Big week for Obama on world stage. How did he do?
Obama can claim some advances, including a toughened international stance toward Iran. But the president also endured a setback on Middle East peace.
United Nations, N.Y.
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But the biggest foreign-policy week of Mr. Obama's young presidency – stretching from the United Nations in New York to the just-ended Group of 20 summit in Pittsburgh – demonstrates the difficulty of moving from appealing vision to leadership, especially in the 21st century of diffused global power.
The president will be able to claim some advances. These include a toughened international stance toward Iran in the run-up to talks that world powers will hold with Tehran next week. Also, any lingering doubts about Obama's stature and abilities have been erased, some foreign-policy analysts say, after he hosted a global economic summit and took the helm of the UN Security Council to win approval of new nuclear-nonproliferation measures. This was the first time an American president has chaired a Council session.
"It was perhaps Obama's best week in terms of foreign policy. I think he's proven to a range of leaders and the international public that at least in some cases, he's able to turn rhetoric into reality," says Charles Kupchan, a foreign-policy expert at the Council on Foreign Relations in Washington. "He went into the week with many different balls in the air and came out with concrete advances on a number of important issues."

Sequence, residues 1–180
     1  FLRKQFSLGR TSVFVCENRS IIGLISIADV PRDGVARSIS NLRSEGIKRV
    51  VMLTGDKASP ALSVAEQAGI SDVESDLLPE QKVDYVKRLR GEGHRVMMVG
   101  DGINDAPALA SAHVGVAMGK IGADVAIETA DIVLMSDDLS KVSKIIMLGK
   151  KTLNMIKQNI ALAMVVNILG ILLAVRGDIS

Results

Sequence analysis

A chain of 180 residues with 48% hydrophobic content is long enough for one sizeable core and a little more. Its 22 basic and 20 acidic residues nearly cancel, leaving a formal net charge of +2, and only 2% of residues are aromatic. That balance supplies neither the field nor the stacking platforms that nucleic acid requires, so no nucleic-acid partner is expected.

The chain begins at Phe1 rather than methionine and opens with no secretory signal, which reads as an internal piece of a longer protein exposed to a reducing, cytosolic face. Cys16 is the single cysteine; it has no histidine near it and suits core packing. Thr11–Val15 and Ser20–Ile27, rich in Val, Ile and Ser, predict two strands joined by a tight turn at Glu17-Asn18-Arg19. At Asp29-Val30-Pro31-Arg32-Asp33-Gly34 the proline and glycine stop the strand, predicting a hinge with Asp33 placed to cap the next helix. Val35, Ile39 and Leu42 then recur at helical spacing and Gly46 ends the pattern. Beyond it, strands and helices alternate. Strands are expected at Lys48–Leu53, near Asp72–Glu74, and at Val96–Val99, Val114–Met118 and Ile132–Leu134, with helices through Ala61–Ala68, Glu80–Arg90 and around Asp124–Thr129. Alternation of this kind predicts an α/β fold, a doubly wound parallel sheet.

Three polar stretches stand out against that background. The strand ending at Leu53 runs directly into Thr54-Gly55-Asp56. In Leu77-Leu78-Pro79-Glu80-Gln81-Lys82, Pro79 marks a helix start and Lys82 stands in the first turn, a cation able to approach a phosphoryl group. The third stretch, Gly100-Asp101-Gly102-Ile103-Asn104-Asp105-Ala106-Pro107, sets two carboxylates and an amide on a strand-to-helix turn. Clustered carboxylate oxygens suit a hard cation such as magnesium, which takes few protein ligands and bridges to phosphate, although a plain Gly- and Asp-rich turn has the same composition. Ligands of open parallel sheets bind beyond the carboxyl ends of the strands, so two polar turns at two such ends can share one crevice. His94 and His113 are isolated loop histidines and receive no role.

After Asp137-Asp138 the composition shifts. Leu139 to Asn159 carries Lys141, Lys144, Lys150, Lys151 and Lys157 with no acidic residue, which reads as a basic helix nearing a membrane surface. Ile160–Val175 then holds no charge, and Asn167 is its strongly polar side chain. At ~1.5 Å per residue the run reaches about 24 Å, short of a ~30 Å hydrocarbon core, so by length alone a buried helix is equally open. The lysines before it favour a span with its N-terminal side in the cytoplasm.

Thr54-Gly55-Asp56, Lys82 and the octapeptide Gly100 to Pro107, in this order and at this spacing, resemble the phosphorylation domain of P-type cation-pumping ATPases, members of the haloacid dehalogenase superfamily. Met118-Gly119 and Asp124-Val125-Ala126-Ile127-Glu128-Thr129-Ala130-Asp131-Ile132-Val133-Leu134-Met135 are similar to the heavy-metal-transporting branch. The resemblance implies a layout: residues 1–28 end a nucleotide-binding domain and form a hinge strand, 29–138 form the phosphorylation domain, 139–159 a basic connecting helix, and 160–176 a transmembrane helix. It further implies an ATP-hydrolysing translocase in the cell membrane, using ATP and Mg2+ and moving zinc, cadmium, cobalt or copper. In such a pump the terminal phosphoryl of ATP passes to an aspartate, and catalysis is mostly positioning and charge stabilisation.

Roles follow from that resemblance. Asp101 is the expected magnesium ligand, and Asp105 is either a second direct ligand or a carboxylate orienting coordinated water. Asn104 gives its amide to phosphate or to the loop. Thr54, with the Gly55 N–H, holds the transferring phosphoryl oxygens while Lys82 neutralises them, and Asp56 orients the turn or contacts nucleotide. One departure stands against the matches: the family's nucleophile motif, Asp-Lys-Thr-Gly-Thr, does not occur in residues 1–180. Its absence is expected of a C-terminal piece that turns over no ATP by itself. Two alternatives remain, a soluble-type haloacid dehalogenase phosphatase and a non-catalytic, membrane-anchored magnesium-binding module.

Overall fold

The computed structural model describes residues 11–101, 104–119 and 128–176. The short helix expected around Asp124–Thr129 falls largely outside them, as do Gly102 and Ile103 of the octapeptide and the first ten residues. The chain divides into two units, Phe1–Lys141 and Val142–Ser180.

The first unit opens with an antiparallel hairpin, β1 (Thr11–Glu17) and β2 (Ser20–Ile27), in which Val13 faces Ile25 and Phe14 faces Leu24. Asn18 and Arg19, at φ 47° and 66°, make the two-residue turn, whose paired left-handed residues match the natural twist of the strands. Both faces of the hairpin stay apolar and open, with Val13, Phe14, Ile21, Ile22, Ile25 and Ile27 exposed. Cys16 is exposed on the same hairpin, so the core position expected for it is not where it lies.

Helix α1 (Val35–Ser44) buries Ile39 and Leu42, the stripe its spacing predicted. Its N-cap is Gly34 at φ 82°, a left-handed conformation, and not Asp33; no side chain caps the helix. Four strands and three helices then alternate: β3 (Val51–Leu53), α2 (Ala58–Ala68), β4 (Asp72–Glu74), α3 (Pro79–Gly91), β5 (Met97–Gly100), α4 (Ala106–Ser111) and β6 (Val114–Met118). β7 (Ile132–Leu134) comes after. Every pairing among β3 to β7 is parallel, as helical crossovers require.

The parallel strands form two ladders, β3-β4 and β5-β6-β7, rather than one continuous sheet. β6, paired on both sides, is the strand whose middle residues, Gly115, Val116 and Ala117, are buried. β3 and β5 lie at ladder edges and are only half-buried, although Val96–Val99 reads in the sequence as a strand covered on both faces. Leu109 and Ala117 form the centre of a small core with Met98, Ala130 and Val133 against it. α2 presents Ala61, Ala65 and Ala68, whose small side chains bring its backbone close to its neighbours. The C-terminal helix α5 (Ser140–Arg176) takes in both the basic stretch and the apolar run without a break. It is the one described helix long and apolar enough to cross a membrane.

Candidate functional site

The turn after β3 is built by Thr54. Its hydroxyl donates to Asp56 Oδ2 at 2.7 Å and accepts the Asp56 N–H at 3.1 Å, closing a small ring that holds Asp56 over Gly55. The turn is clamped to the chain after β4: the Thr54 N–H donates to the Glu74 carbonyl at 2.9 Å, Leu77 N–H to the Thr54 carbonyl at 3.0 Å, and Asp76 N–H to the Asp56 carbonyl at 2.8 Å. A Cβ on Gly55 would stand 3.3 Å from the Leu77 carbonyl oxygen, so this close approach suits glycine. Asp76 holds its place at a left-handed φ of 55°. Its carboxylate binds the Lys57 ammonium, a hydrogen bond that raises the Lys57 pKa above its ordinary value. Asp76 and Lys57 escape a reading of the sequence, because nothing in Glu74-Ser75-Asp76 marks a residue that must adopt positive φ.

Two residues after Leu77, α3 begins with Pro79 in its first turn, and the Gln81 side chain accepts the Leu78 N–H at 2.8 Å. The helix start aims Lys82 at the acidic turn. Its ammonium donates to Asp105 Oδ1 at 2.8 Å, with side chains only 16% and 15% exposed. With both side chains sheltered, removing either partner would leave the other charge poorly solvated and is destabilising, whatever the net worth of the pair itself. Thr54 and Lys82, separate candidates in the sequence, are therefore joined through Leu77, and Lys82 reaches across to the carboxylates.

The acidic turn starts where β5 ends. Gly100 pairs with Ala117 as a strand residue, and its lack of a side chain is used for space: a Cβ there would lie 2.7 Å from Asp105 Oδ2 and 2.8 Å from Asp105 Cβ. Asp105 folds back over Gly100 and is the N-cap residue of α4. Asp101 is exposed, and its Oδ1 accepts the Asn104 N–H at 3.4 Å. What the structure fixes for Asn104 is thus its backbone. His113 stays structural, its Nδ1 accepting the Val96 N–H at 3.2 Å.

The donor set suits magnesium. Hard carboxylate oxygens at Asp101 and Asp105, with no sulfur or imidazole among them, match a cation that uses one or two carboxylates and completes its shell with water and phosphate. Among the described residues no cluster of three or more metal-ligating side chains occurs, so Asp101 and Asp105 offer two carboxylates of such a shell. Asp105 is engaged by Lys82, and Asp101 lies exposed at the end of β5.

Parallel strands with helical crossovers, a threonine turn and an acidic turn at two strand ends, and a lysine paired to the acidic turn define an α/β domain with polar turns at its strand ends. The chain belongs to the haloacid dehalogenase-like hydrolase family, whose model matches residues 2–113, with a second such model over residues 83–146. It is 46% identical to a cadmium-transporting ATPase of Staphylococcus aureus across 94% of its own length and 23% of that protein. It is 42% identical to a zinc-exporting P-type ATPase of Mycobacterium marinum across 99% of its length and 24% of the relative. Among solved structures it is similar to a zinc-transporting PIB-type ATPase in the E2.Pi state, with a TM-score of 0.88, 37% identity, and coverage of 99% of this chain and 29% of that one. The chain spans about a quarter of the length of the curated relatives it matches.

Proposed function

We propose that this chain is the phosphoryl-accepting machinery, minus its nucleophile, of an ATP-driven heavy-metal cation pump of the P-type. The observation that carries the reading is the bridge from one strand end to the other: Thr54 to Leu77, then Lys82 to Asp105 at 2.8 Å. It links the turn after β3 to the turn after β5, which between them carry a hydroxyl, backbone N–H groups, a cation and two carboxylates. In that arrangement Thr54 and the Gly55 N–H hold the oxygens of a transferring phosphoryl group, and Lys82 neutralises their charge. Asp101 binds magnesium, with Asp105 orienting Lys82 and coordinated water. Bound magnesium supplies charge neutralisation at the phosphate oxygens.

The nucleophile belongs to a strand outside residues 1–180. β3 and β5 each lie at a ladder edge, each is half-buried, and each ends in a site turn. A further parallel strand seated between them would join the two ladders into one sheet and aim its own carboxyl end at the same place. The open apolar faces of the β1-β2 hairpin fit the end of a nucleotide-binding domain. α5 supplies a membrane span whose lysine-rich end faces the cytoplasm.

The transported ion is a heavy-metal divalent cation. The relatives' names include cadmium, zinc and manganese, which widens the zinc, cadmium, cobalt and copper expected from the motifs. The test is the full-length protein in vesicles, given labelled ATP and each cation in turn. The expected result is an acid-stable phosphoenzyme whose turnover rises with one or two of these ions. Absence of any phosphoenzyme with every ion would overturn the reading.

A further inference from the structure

Among the accomplishments Mr. Kupchan lists: tightening international constraints on the proliferation of nuclear weapons, forging a more united front in confronting Iran, bringing some consensus on reducing risk in the financial sector, and reaching agreement that the G20 will permanently replace the "old boys club" that he says the G8 had become.
Still, Obama did not get everything he wanted. Most glaring was a failure, after weeks of intense effort by his top diplomats, to be able to announce a restart of Israeli-Palestinian peace talks.
In the view of some international policy experts, what the president confronted this week is the 21st-century conundrum of a world that at once craves the leadership to address rising transnational threats, even as conflicting interests in an increasingly multipolar world feed resistance to American leadership.
"Obama hit what is perhaps the principal frustration of multilateralism in this era of rising middle economies and powers," says Steven Schrage, an international economics expert at the Center for Strategic and International Studies in Washington. "Much of the world chafes at seeing the US out front, but at the same time, no one else is able to fill that leadership role."